I cannot think of any need in childhood as strong as the need for a father’s protection.
~ Sigmund Freud
Man is not worried by real problems so much as by his imagined anxieties about real problems.
A father’s drive to protect his family is ancient, primal and male affirming.
The fire that can course through a father’s body when called to protect is lava hot, bubbling up and over and steaming out from the ears.
A father’s impulse and, on those occasions, the capacity to protect his family is a boost of confidence and pride like no other. It is as affirming to a father as the capacity to create and provide. This drive goes back to the beginning of man.
However, if this urge to protect is born from an anxious view of the world, the danger may reside closer to home. In these situations, fathers can best protect their families by examining how their anxiety may threaten their families’ well being.
The Protective Father: A Mythical Symbol
The protective father is a mythical symbol residing in any modern, Western man’s unconscious fantasies and dreams. One common manifestation is the king, an ancient symbol of fatherly protection, standing for law and order and tasked with protecting the kingdom.
Sometimes, fatherly protection is divinely ordered: Noah was given the vision of a catastrophic flood to protect not only his family but the animal kingdom as well. Today, the presidential office has the power to protect as Commander and Chief of the Armed Forces, and, throughout history, has taken great liberties to wage war in the name of our protection.
There is a slippery slope of protectiveness, however: The King can become a tyrant, blindly falling over the edge from protection to violent suppression of his own kingdom, or imperialistically waging war. Or, on the other hand, abdicating his power to others. It can be a real challenge to know how to stay on course to effectively protect one’s family, and anxiety can act as a strong storm.
Real or Imagined Danger: Protectiveness and Anxiety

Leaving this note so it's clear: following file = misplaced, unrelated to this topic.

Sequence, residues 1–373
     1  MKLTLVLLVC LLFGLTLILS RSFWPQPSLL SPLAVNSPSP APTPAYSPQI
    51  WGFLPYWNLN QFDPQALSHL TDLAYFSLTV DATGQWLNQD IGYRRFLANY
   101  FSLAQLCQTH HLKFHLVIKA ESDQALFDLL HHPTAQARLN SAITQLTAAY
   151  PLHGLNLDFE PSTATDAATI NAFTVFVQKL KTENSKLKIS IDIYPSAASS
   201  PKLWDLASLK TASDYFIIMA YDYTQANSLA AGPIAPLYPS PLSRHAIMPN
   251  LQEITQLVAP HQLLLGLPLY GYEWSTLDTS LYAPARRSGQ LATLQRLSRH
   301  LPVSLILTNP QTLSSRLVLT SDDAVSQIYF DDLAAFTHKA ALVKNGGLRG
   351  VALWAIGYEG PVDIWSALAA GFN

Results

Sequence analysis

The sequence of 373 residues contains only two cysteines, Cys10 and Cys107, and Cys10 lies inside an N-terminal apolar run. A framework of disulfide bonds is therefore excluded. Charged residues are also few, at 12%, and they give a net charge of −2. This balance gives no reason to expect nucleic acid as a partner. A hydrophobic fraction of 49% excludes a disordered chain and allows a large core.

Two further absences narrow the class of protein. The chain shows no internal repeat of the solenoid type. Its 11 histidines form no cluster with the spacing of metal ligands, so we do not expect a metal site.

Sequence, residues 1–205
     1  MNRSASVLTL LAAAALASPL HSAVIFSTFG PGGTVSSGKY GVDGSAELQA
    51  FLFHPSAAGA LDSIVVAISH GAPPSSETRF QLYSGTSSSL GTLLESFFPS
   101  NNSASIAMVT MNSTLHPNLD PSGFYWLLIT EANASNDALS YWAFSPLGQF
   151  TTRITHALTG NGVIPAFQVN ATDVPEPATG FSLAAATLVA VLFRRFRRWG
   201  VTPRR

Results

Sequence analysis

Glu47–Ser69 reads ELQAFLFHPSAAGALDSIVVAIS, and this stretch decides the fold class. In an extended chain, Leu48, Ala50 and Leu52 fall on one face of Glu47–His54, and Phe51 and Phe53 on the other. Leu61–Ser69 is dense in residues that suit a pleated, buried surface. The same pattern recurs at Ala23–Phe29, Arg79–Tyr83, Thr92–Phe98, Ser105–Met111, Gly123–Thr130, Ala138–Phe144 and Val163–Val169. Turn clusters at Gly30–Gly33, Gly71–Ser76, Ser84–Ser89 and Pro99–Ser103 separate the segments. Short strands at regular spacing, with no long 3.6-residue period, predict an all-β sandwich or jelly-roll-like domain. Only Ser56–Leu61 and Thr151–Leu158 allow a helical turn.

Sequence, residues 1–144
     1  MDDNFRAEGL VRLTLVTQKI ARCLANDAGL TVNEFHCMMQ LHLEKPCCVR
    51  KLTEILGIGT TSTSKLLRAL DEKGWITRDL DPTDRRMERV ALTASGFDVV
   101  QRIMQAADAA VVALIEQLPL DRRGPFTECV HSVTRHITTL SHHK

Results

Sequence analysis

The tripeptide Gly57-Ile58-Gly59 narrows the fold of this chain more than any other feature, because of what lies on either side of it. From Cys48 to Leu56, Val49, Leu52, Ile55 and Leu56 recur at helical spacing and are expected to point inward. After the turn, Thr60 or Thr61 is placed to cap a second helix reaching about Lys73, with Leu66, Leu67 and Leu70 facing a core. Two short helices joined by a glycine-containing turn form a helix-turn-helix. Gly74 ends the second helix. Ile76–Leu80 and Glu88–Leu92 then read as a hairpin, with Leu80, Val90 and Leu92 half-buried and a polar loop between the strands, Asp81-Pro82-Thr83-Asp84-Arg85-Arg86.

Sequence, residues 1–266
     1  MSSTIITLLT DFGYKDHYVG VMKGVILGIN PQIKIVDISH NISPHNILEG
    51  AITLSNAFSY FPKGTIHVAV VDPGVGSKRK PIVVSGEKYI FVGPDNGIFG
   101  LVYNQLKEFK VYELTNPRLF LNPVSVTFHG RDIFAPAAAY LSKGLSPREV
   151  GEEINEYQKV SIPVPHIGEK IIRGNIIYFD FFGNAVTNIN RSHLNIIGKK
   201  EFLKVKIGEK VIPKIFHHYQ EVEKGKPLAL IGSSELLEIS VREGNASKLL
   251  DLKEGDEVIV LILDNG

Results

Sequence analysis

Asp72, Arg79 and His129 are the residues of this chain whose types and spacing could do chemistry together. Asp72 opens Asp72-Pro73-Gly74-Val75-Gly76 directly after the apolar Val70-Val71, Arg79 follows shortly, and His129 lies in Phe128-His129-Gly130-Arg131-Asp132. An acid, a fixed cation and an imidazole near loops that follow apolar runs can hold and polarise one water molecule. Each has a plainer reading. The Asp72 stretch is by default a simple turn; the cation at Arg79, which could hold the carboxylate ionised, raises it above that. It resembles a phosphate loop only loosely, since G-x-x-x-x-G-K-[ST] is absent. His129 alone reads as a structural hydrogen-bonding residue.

Anxiety is seductive. It is a cocktail of reality, fantasy and memory, all of which can cause us to emotionally overreact. A father’s protective instinct is not immune to such a seduction. Anxiety can cause fathers to exaggerate danger, and compel them to fantasize about how to protect their families from such dangers.
Our memories of the past live in us, and color how we perceive the world now. For instance, a father, who was neglected as a child, may have experienced a drought of emotional connection. This father may panic at the news of the drought, and fantasize about leaving all connections and ties behind to survive, like he had to do as a child. His family may then feel abandoned by him, emotionally. Or, an abused child, now a responsible parent, arms himself against would-be attackers but scares his family terribly instead. In its extreme, a father’s “overprotectiveness” can illustrate a wish to insulate children from pain, quite possibly his own.
If unexamined, anxiety can drive fathers to extreme forms of protectiveness (too much or too little) and impressionable children inherit the anxiety and a father’s particular world-view. This then becomes the imminent danger, quietly making its way through.
So, how do fathers contend with their anxiety and offer protection for their families appropriately?
Children need to be shielded from certain harsh realities, and, within reason, protected from physical harm and their own under-developed sense of danger. These are tasks for all parents. However, anxiety muddies the waters and can cause fathers to overreact or withdraw.
I propose that real protection requires that fathers commit to sifting through real versus imagined dangers by understanding the nature of their anxieties, and actively work with them so that they can think more clearly and let their inherent wisdom guide behavior. In this way, fathers can both put an end to the generational transmission of anxiety, and take more effective steps to create a safe environment for their families.
Here are four steps to begin to sift through anxious thoughts to clear the mind in order for fathers to be effective in offering protection for their families:
1. Recognize anxiety: Identify both the physical sensations and concurrent thoughts related to safety and danger. Inquire as to whether this is a particular lens that you look through the world with. You are onto something if there is an obsessional quality to these thoughts.
2. Identify if you are externalizing your fear: If you have recurring, fearful or anxious thoughts about your family’s safety, and it is hard to take any action (abdicating authority) or you find yourself anxiously taking action (overreaction), you may be externalizing anxiety and reacting emotionally.
3. Regaining your thoughtful mind: Slow down. Stop and reflect on your impulse to protect. Feel the sensation of anxiety and let the thoughts of planning and worries go. Face the fear by separating out the thought from the sensation, and focus on the physical sensation of it.
4. Thinking again: When the anxiety fades, then ask yourself, “How do I want to respond to this situation?” Take your time, and listen to your more intuitive response.
Author: Ben Ringler
Editor: Travis May
Photos: Tambako the Jaguar/Flickr